Jay Chaudhry: Answering, first, the previous question a little bit, when we did Zscaler IPO and the Zscaler and the secure acquisition, I felt a similar sense of accomplishment because these [13:58] at a much bigger level and at a much higher scale. What was the learning out of SecureIT? If you choose the right market at the right time, and you put together a great team, and you focus on your customers, good things will happen. That’s what I carried on throughout the journey. Also, linked to that was going into new markets. When I started SecureIT, there were no security services company. We were probably the first few players in a security services company. First-mover advantage can be very hard.
Alejandro: Yeah. First-mover advantage in many instances is everything. So one of the things that I see here is that you worked for a little bit for VeriSign after the transaction, and then after this, you go at it again for your second business, CoreHarbor, Inc. This company eventually was acquired by AT&T. What were you doing at CoreHarbor, and how did the idea come about?
Jay Chaudhry: After building SecureIT, one of the things that felt like, “Wow. This thing happened so well. Was it a fluke or can I really build a business systematically?” There were one, two I was pleased to see so many people financially independent. The goal was if we do more, more people who work with me will be financially independent. So driven by a couple of those things, I was looking for new ideas. CoreHarbor was the first eProcurement ASP using Ariba software. We wanted to build an ASP business. If you think what ASP ASP is a precursor to SaaS. SaaS is multi-tenant. ASP would be a single-tenant where you had a dedicated box for a given customer. So I went to the best eProcurement software company, Ariba, that was the mark leader, and I said, “Look. You’re selling this on-prem software. Let me do the hosted version of Ariba, where I will manage the service and make it available to our customers. That was a very novel idea. It was a good idea. I mean, if you look at what I was doing 15 years ago, and now a number of the security vendors were trying to compete with Zscaler, they’re trying to take a single-tenant off boxes and trying to spin them in public clouds and trying to do this. I can look back and say, “Huh.” We really thought through some of these things early on and then moved to the more advanced technology. But eProcurement was a good idea. Eventually, now, it has evolved to a level where electronic-procurement is done on a SaaS version. Everyone does it. Ariba got acquired, but getting procurement online has become the norm. We were the early company that proved it and really made it very successful.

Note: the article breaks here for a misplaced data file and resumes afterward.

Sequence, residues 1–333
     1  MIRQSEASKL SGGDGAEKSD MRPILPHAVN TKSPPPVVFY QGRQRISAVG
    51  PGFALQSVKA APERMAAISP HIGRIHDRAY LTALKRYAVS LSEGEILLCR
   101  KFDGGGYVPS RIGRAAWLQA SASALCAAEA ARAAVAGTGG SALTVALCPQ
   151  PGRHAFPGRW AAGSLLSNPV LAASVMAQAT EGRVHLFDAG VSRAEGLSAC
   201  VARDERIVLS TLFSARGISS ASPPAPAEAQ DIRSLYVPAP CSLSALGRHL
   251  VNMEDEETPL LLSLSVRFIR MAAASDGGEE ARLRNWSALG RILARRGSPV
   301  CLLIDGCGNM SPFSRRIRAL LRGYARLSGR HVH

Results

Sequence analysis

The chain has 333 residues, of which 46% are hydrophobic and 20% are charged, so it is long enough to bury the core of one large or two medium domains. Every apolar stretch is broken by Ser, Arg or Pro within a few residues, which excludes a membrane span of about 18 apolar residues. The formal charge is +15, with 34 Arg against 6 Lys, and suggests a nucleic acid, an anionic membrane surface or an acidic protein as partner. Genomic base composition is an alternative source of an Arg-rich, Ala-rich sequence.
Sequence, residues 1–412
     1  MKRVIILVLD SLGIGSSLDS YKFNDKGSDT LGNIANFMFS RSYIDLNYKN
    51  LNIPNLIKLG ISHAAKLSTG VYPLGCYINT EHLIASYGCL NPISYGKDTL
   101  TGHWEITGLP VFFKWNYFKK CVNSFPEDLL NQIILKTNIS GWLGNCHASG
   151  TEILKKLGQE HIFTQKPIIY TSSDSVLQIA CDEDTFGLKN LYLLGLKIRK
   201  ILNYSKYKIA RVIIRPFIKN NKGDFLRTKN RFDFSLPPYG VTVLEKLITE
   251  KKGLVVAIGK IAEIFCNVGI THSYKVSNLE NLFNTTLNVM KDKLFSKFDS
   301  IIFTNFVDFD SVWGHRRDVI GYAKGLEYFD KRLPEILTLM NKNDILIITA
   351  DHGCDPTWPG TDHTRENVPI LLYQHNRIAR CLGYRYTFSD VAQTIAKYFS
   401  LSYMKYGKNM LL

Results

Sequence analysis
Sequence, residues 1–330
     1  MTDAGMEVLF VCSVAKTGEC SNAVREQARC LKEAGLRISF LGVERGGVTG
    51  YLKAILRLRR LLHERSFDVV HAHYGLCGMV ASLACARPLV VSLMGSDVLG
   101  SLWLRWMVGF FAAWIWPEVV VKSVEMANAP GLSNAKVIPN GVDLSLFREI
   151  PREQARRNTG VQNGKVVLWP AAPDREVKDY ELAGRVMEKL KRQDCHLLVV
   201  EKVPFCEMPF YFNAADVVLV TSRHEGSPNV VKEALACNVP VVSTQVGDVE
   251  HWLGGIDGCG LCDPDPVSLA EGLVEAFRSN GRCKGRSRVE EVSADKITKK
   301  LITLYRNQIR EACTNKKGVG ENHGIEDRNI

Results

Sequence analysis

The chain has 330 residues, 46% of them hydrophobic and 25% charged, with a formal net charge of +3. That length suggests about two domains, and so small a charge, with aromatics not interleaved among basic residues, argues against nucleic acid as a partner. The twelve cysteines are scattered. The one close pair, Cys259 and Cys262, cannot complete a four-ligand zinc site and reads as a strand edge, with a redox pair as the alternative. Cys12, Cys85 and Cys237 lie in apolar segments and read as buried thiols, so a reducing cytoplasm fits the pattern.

Alejandro: Really cool. Then CoreHarbor was acquired by AT&T. Then basically you move on to probably your second biggest success, and we’re going to talk about your biggest success, which is your current company now, which is Zscaler. But before we get into that, I’d like to talk about this third business that you built, CipherTrust. Tell us about CipherTrust.
Jay Chaudhry: CipherTrust came from my work at SecureIT. At SecureIT, I was very familiar with all the security issues, and all the hacks and attacks are happening. We were seeing emails taking off. It wasn’t widely used. I said, “Huh. If email takes off, we’ll do more text. So it seemed like, “Yes. If that’s the issue, why shouldn’t we build something like an email security database, so that all the emails that are being sent flow through our security inspection service to make sure that you’re not infected with viruses and worms and it all can be taken care of? ” Again, the first-mover advantage is what the key thing was here, and we built a technology that was purpose-built from scratch, and the business took off. The business grew pretty rapidly. The reason I rank this company high is that the ROI here was very impressive as well.
Alejandro: Got it. How did you capitalize this business? Obviously, this is your third rodeo, you’ve been around quite a bit, and I’m sure that when investors were probably knocking on your door nonstop. So did you accept their money, or how did you capitalize this business?